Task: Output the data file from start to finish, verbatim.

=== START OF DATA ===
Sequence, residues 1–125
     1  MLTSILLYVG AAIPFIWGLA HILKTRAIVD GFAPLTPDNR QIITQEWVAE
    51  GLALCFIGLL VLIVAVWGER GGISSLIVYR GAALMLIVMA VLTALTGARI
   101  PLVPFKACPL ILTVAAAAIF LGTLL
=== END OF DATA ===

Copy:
Sequence, residues 1–125
     1  MLTSILLYVG AAIPFIWGLA HILKTRAIVD GFAPLTPDNR QIITQEWVAE
    51  GLALCFIGLL VLIVAVWGER GGISSLIVYR GAALMLIVMA VLTALTGARI
   101  PLVPFKACPL ILTVAAAAIF LGTLL